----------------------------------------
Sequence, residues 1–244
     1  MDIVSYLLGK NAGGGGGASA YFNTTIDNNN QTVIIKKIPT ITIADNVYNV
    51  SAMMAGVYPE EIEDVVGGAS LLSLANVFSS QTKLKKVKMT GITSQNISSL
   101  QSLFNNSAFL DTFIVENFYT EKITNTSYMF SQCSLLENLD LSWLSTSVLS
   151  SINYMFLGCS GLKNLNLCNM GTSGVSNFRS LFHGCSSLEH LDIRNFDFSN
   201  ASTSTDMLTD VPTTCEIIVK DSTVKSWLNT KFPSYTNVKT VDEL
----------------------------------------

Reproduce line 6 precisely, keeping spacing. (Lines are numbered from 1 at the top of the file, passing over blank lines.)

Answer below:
   201  ASTSTDMLTD VPTTCEIIVK DSTVKSWLNT KFPSYTNVKT VDEL